Originally published at Digital Journal
A US defense contractor whose employees tortured Iraqi detainees in the notorious Abu Ghraib prison is suing four of its victims following a federal judge’s dismissal of their torture lawsuit on jurisdictional grounds.
The Washington Post reports CACI International, a Virginia-based corporation that provides information solutions and services in support of national security missions, has requested that a federal judge order the Iraqi plaintiffs in the dismissed torture suit to pay $15,580 to cover witness fees, travel allowances, deposition transcripts and other legal costs.
The plaintiffs argue that they “have very limited financial means, even by non-US standards, and dramatically so when compared to the corporate defendant in this case,” according to a court filing.
Indeed, while the average income in Iraq is under $6,000 per year, CACI’s 2012 profits topped $167 million. The company is among the 20 largest defense contractors in the world, and has been widely accused of war profiteering.
“At the same time, plaintiffs’ serious claims of torture, cruel, inhuman and degrading treatment, and war crimes were dismissed on very close, difficult– and only recently arguable– grounds,” the court filing continues.
CACI employees, who were hired by the US government to handle interrogation and translation in Iraqi prisons including Abu Ghraib, not only tortured detainees but also encouraged US troops at the prison to do likewise. According to the plaintiffs’ lawsuit, CACI employees committed or conspired to commit torture, including “electric shocks, repeated brutal beatings, sleep deprivation, sensory deprivation, forced nudity, stress positions, sexual assault, mock executions, humiliation, hooding, isolated detention, and prolonged hanging from the limbs.”
In a report on the Abu Ghraib torture scandal, US Army Major General Antonio Taguba concluded that more than 60 percent of the civilian detainees imprisoned by the US military at Abu Ghraib were innocent.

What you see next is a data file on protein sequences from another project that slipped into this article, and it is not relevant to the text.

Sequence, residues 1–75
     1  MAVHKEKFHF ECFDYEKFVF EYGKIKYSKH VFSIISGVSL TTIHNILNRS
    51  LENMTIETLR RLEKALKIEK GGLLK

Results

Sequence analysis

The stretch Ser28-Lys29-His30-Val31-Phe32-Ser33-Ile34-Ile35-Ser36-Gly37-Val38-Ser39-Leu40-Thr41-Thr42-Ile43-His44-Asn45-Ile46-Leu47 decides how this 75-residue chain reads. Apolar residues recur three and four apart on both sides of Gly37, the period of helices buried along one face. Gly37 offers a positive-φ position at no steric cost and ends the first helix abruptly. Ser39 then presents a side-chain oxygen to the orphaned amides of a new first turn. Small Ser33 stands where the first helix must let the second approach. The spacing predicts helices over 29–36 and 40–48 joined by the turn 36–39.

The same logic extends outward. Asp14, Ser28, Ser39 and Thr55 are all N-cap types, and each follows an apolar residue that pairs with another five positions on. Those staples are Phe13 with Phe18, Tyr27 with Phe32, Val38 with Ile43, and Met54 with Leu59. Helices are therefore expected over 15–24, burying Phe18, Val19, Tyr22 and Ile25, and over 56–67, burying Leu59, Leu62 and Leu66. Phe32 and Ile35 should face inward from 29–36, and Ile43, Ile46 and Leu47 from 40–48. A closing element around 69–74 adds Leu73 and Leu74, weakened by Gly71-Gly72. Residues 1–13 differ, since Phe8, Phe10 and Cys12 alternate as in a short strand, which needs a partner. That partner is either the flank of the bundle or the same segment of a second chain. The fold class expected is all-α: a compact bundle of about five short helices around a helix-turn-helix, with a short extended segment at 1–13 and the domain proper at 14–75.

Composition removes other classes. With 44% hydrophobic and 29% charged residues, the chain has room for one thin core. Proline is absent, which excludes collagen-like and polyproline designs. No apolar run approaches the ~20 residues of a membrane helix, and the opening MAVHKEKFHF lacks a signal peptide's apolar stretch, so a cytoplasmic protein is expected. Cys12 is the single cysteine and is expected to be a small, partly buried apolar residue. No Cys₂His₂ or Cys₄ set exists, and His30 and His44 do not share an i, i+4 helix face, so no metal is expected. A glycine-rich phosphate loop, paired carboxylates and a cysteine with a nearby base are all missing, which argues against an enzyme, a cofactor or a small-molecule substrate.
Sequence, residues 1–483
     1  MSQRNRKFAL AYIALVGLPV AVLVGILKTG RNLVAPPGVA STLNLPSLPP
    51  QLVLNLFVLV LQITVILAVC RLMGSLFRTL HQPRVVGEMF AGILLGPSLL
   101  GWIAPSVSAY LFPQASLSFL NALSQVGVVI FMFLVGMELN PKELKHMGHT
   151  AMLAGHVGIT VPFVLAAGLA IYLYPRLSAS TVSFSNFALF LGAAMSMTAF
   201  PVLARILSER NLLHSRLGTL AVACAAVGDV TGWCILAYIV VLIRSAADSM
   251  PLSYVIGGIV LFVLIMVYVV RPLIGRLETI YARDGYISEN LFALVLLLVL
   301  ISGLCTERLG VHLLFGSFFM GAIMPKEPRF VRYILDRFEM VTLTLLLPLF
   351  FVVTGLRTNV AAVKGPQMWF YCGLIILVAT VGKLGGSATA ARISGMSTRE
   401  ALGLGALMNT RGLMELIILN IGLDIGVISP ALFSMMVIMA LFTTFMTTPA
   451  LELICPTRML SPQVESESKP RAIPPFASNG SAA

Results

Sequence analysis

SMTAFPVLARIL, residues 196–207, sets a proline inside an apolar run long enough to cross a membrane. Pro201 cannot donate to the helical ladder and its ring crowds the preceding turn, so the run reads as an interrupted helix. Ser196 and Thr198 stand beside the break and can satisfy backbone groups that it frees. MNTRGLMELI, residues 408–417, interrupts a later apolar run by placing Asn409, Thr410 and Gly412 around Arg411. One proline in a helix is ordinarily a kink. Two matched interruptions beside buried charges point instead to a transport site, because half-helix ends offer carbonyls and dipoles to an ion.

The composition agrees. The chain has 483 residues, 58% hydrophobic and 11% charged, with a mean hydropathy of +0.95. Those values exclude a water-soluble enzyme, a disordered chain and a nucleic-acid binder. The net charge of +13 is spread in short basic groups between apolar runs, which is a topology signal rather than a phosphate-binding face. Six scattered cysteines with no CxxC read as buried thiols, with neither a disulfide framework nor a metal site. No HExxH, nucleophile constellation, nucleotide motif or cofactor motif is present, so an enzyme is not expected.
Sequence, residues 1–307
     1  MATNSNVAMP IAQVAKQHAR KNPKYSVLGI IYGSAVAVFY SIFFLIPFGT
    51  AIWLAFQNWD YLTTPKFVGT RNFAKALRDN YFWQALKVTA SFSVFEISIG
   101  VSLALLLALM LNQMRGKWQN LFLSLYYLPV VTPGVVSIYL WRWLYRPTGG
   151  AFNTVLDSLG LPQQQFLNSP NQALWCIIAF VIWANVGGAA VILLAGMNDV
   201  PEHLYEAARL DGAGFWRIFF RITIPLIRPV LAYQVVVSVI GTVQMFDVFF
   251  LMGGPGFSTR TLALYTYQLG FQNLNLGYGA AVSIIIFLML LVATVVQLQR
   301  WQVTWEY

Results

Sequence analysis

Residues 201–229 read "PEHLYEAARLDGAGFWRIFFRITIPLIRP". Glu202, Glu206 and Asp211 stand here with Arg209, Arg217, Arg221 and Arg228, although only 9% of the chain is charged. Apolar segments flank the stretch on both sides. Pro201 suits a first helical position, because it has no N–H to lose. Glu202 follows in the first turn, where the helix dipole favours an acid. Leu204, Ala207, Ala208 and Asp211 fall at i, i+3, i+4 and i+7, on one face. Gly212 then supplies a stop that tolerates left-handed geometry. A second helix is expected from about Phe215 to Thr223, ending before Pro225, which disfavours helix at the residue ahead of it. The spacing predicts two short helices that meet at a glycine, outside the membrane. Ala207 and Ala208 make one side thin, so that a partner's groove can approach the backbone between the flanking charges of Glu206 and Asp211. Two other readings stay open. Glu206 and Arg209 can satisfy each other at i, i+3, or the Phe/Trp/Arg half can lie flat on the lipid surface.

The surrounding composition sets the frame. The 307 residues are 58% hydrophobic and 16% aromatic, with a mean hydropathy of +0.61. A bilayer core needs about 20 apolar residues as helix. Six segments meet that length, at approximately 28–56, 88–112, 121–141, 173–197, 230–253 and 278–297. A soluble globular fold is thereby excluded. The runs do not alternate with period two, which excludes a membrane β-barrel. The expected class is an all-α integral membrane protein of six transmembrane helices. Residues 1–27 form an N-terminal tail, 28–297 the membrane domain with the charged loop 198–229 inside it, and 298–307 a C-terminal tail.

All of the Iraqi plaintiffs in the CACI case were released from Abu Ghraib without being charged. They still suffer from severe physical and psychological effects as a result of being tortured.
Baher Azny, legal director at the Center for Constitutional Rights (CCR), told Common Dreams that CACI’s countersuit against the tortured Iraqis “appears to be an attempt to intimidate and punish” them “for asserting their rights to sue in US courts.”
Gerald Bruce Lee, the federal judge who dismissed the plaintiffs’ case against CACI, did not rule on torture suffered at its employees’ hands. Instead, he rejected the case because CACI’s crimes occurred overseas. While the legal principle of universal jurisdiction has been embraced by jurists in at least 15 nations and has been famously applied in the cases of former Chilean dictator Augusto Pinochet, former Yugoslavian president Slobodan Milosevic, former Liberian strongman Charles Taylor and a host of other war criminals throughout the developing world, US courts overwhelmingly reject universal jurisdiction, largely out of fear that it could be used in attempts to bring US war criminals to justice.